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This poster presentation draws on the literature of science studies (Hess, 1997) to historicize the recent “turns” to ontology, materiality, and posthumanism in literacy studies as part of a larger intellectual and political movement that cuts across disciplines – from feminist theory (Alaimo & Hekman, 2008) and continental philosophy (Harman, 2011) to media studies (Peters, 2015) and ecology (Tsing, 2015). In doing so, it argues that while many of these lineages and upshots share a common interest in unseating human subjectivity as the singular locus of agency, mobility, and knowledge – they are also characterized by important differences in the scale and means through which they configure “materiality.” This presentation takes these discontinuities seriously in order to (1) prevent “materiality” from hardening into an abstract, homogenous category, and (2) highlight how different configurations of “materiality” make possible new paths of inquiry in literacy research and pedagogy. In this way, the presentation attends to the question, “What does a posthuman perspective make possible for literacy theory and practice?”
Drawing on the literature of science studies - an interdisciplinary field interested in parsing “black boxed” scientific practices (Latour, 1987) in order to trace the nonlinear historical processes by which they harden into “facts” (DeLanda, 1997; 2002) – this presentation engages in a sympathetic yet critical reading of Karen Barad’s Meeting the Universe Halfway (2007), along with other theoretical texts that have found uptake among literacy researchers (e.g. Coole & Frost, 2010; Latour, 2006). While Barad’s emphasis on performativity of matter highlights the contingencies of material relations, her use of the evidence and lexicon of theoretical physics (which she insists should not be understood as metaphor) not only take at face value the assertions of elite professionalized science, but also position her own argument as a universalizing, metaphysical claim (cf. Law & Lien, 2012). I argue that this attempt to use “materiality” to bore down to some bedrock reality elides a range of material configurations that occur across scales, each characterized by its own contingent practices (DeLanda, 2006) – including those aspects of posthuman life that are not easily reduced to particle physics.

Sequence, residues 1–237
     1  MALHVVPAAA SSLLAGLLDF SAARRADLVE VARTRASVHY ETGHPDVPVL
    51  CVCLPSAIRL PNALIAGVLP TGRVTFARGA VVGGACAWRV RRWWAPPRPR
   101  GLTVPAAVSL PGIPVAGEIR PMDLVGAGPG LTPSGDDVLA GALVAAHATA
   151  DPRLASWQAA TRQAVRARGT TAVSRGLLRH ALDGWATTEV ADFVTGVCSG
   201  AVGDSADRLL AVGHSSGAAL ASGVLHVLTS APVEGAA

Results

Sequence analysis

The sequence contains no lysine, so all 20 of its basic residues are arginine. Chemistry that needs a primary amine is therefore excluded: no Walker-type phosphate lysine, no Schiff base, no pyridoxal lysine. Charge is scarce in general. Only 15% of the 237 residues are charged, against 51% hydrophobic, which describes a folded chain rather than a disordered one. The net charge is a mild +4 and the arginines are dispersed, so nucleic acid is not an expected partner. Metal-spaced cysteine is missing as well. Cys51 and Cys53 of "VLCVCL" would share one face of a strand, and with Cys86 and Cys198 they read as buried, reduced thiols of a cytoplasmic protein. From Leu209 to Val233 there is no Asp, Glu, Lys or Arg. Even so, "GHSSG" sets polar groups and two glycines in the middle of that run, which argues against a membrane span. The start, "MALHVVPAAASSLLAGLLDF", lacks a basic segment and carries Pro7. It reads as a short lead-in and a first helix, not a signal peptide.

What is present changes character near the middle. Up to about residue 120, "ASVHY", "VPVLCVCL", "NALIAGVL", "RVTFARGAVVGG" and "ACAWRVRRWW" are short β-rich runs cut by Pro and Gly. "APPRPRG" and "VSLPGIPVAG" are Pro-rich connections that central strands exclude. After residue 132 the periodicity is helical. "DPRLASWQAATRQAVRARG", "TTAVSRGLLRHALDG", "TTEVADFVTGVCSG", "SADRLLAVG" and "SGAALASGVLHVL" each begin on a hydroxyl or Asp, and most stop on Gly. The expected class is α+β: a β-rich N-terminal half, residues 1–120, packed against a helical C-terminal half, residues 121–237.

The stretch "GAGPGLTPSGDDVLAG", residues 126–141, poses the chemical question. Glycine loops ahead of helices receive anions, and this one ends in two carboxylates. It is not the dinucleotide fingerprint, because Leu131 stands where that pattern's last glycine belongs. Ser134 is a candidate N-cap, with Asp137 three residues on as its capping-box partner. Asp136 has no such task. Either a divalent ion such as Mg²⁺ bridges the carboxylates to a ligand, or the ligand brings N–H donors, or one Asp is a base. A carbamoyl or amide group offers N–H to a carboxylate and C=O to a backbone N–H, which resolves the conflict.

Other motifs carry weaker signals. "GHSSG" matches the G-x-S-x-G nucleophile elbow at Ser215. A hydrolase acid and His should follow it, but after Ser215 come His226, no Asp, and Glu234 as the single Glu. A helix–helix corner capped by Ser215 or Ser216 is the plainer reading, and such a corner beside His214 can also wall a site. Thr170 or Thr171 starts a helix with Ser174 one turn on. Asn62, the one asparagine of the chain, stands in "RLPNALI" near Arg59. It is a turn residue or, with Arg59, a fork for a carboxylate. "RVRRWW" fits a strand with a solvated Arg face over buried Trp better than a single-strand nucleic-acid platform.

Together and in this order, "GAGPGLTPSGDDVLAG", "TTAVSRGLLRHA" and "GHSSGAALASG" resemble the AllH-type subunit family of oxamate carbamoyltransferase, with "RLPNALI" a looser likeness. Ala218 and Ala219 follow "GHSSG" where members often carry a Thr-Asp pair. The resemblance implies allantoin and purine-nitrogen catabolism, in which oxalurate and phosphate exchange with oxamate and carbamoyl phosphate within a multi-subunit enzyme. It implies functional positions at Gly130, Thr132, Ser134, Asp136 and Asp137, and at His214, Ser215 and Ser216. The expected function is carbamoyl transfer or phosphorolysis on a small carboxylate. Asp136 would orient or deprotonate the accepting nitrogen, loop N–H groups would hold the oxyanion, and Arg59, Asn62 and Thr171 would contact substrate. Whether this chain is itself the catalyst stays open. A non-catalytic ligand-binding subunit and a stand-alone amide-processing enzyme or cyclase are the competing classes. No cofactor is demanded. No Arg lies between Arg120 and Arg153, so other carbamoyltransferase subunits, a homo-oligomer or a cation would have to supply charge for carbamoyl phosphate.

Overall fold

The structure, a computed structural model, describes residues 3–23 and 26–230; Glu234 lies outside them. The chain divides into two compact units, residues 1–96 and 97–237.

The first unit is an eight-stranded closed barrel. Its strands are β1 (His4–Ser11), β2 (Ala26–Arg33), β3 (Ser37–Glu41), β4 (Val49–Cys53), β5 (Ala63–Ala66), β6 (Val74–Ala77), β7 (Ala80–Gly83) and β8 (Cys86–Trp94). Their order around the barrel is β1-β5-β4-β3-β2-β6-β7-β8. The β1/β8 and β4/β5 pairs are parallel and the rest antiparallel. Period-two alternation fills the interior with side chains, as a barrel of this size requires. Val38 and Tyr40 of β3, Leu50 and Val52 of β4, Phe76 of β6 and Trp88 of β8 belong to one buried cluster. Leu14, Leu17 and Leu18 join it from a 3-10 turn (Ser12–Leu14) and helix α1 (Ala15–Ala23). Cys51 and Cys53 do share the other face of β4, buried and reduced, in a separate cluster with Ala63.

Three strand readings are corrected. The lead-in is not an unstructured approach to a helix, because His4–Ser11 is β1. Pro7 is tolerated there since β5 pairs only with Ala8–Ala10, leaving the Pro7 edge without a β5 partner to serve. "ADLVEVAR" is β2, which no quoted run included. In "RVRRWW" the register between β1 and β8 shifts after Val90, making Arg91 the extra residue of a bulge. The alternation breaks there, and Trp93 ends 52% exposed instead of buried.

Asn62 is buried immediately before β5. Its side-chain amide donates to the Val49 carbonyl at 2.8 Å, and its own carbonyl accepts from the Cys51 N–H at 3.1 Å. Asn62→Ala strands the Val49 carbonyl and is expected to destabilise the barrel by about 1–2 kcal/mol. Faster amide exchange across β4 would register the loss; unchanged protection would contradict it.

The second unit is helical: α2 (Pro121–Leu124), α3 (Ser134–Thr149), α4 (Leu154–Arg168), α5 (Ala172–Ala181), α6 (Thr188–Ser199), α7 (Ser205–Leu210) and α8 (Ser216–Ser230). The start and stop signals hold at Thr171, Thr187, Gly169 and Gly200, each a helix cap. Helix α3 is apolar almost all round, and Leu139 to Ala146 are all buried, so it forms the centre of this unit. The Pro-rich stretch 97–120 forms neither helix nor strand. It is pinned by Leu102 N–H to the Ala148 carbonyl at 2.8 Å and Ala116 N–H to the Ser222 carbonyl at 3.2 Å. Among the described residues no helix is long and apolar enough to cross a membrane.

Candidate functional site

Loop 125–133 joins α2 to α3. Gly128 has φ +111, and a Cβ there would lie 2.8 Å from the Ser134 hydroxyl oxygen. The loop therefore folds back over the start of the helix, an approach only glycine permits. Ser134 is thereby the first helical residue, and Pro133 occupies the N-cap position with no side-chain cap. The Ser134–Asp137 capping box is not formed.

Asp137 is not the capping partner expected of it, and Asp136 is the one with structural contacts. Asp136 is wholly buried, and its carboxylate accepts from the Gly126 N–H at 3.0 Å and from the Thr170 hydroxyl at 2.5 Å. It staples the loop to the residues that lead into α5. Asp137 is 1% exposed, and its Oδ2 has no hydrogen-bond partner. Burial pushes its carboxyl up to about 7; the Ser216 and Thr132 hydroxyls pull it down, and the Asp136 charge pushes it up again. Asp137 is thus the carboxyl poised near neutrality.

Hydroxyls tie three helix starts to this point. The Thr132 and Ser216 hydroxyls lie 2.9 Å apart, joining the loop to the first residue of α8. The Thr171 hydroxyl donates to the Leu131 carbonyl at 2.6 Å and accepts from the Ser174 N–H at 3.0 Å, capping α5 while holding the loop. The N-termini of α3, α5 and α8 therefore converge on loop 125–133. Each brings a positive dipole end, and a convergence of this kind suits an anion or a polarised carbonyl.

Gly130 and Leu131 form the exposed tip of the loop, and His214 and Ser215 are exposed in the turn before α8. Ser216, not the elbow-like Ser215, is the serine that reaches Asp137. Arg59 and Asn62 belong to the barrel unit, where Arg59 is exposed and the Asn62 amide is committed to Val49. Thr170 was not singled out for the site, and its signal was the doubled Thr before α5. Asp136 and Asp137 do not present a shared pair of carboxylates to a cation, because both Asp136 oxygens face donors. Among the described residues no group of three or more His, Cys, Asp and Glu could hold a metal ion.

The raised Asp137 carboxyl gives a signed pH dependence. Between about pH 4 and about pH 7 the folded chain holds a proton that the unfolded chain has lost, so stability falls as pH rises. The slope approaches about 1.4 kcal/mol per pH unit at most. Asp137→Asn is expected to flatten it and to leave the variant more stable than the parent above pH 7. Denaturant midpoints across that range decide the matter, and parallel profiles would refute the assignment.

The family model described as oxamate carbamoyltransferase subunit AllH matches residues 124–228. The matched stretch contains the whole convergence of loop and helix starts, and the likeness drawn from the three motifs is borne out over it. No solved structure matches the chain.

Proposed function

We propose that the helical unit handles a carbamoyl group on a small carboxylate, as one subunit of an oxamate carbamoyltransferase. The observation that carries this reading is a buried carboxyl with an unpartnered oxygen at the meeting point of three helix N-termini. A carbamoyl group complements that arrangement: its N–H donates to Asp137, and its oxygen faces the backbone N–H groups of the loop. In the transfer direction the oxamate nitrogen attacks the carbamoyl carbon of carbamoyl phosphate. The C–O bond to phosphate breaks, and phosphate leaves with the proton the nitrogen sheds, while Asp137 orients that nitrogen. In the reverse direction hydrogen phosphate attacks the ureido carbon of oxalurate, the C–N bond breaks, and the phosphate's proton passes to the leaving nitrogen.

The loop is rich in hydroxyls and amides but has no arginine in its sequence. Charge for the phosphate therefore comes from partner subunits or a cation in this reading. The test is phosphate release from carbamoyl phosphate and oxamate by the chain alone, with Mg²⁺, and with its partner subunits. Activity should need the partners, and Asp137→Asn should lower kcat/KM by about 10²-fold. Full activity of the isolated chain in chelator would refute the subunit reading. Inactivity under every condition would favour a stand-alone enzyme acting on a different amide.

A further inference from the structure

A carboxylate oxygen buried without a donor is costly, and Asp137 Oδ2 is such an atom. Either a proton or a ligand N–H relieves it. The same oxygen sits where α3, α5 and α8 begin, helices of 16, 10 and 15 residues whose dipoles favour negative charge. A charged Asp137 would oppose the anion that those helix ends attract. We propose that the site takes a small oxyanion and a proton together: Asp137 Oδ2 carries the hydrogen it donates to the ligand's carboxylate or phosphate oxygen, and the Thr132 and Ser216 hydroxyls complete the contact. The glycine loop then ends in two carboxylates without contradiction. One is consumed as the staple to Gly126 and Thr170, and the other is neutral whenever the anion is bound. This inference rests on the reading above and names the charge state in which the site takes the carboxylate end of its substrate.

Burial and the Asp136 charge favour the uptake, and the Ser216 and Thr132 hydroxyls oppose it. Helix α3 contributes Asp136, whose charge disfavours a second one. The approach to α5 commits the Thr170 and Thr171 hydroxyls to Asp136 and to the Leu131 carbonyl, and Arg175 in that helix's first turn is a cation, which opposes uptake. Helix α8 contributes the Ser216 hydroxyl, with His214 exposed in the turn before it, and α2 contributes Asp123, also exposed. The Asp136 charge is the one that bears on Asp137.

The presentation then pivots to explore some alternate configurations of materiality. In doing so, it argues that one of the great promises of posthumanism for literacy research is that it should not bind us to any singular theory of “materiality” – we are not beholden to Barad’s scientism or Latour’s version of non-human agency. Instead, we can configure materiality to bring a new perspective to long-standing inquiries in our field (e.g. problems of agency/determinism, cf. Collin & Street, 2013) – or to pursue new lines of questioning with profound and urgent consequences (e.g. relations between “new literacies” and geo-environmental concerns over climate change and the Anthropocene, cf. Chakrabarty, 2009; Parikka, 2015). In this way, the presentation holds scholarly significance by providing pragmatic pathways forward for theorizing and deploying “materiality” in literacy research, pedagogy, and practice.